Mr Miles said there had been 111 restless nights since the pandemic started thinking about its impact.

Across Queensland, 1039 cases have recovered while 12 remain active.

Four people are being treated in hospital with one of those in intensive care on a ventilator.

Mr Miles said initial modelling showed Queensland’s COVID-19 death toll to be more than 20 times greater than the number of total cases that have been recorded.


Meanwhile, authorities feared thousands of coronavirus infections would emerge every day after a sick nurse continued to work at a Queensland nursing home.

Mr Miles revealed the scale of the emergency authorities were braced for in North Rockhampton.

“We were preparing for thousands of positive cases every day,” he told the ABC on Tuesday.

Two investigations are underway after the nurse kept showing up for work at the North Rockhampton Nursing Centre while she had symptoms and before she received coronavirus test results.


Health Minister Steven Miles says authorities will continue to test people who came in contact with a Rockhampton aged care nurse who had coronavirus. Picture: News Corp/Attila Csaszar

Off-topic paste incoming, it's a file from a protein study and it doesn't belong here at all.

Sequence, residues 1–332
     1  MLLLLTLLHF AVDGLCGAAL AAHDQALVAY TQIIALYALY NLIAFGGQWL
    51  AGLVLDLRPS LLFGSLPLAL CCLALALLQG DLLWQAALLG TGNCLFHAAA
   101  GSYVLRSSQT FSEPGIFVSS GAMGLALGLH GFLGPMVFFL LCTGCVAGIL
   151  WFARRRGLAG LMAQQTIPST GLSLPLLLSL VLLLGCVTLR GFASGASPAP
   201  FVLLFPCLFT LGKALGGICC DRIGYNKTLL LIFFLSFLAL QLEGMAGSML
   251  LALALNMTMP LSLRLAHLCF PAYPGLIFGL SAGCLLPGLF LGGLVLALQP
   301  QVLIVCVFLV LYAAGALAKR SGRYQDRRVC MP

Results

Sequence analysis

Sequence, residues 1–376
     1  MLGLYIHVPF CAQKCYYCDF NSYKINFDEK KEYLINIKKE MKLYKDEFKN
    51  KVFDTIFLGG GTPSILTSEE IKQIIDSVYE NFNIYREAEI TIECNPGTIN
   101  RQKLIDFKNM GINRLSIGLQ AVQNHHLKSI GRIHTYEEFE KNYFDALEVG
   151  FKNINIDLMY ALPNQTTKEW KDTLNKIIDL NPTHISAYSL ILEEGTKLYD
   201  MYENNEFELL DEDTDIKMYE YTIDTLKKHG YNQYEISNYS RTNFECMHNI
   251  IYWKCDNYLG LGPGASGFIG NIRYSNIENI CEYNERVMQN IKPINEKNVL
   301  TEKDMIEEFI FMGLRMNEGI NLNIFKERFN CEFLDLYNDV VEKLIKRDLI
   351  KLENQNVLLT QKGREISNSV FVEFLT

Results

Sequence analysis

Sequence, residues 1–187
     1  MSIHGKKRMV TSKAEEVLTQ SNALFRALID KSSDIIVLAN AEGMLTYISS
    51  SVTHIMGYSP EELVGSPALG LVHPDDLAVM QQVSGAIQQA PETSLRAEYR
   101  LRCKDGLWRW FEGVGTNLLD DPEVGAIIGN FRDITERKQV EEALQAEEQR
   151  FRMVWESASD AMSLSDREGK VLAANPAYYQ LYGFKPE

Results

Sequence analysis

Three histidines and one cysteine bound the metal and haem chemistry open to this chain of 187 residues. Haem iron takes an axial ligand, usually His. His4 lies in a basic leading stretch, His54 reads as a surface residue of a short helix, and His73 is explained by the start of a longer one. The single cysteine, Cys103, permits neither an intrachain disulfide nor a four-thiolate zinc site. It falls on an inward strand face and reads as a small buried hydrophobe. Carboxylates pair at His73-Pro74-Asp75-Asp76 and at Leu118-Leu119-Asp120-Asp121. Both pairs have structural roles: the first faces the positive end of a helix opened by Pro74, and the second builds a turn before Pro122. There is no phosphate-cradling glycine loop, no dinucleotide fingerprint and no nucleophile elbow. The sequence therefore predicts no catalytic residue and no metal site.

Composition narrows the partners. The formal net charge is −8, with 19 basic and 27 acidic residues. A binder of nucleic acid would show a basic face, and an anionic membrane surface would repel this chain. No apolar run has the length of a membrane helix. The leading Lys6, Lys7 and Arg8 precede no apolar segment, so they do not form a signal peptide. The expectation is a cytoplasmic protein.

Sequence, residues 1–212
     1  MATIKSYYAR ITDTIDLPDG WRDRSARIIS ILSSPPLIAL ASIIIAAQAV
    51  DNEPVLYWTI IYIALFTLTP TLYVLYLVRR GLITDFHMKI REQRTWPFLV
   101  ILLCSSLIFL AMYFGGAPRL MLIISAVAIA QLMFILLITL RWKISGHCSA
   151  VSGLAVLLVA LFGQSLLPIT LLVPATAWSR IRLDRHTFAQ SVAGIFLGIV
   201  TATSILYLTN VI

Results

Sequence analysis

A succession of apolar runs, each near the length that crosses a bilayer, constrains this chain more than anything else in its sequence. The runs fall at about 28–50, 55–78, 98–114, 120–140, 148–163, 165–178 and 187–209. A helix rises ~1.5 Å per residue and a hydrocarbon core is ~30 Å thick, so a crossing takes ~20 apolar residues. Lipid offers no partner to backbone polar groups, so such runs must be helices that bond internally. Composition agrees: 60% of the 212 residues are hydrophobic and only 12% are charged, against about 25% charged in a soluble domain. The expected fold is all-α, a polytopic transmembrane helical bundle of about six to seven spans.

Remarkably, none of the hundreds of residents and staff from the centre have returned positive tests since the drama emerged last week, nor has anyone else the nurse had contact with in the community.

But they face ongoing tests, every four days, until the two-week incubation period has passed.

“Certainly I thought that there would be positive results in that first batch,” Mr Miles said.

“But it is too soon to be relieved. We need to keep monitoring the situation.”

The government sent a rapid response unit to the city when it learned about the situation.

A team of 26 nurses arrived from Brisbane on Monday, to ensure everyone linked to the sick nurse has appropriate care as they serve time in isolation and endure new rounds of tests.




Originally published as State avoided terrifying COVID-19 death prediction